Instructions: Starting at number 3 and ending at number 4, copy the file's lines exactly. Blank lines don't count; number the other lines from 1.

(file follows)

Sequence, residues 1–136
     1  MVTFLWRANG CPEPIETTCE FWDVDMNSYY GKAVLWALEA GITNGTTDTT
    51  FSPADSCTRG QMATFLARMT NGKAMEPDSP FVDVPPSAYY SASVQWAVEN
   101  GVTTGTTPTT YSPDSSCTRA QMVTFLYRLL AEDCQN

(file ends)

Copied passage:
    51  FSPADSCTRG QMATFLARMT NGKAMEPDSP FVDVPPSAYY SASVQWAVEN
   101  GVTTGTTPTT YSPDSSCTRA QMVTFLYRLL AEDCQN